Athletes get into “the zone.” Creatives tap into “flow state.” We may obtain a heightened sense of awareness in these moments, but they are exactly that: temporary. Once the rock climber comes down from the mountain, she snaps back into her “everyday sense of the world,” says psychologist and science journalist Daniel Goleman, discussing his recent book Altered Traits written with neuroscientist Richie Davidson.
In this video for BigThink, Goleman explores how we can bring the beneficial effects of those “altered states” into the everyday.
Through meditation, Goleman argues, we can create what he calls “altered traits.”
“Altered traits […] are lasting changes or transformations of being, and they come classically through having cultivated an altered state through meditation, which then has a consequence for how you are day-to-day—and that’s different than how you were before you tried the meditation.”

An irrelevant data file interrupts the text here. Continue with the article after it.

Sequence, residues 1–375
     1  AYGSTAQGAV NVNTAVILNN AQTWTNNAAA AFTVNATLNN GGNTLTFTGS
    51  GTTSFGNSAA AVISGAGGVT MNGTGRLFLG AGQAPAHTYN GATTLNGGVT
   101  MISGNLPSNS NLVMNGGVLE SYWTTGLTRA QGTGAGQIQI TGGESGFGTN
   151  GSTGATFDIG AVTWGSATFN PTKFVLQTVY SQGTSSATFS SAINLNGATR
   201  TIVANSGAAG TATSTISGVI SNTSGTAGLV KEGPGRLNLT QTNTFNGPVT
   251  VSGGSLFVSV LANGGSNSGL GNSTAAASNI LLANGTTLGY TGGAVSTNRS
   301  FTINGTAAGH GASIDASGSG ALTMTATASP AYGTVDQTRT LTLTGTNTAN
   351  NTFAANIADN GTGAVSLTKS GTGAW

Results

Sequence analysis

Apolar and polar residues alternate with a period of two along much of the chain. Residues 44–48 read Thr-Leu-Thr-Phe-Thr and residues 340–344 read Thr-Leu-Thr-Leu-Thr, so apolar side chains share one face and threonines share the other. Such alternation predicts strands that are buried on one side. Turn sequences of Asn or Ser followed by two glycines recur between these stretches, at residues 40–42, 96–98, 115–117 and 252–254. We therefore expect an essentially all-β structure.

The key to developing the habit? Bringing the mind back, again and again:
“At some point, when you’re trying to do your meditation, your mind will wander. We’re wired that way. The key is: Do you notice that it wanders? Once you notice your mind has wandered off and you bring it back, you’re strengthening the circuitry for focus [and]attention.
The mind is a gym and meditation is a basic workout.
Goleman says research suggests seasoned meditators are better able to focus, staying on task despite distractions around them, and are more resilient—able to snap back from an angry outburst, for instance.
“Just like going to the gym and working out for years and years doing reps, you get bigger muscles and more strength and fitness, the same thing happens in the mind. The mind is a gym and meditation is a basic workout.”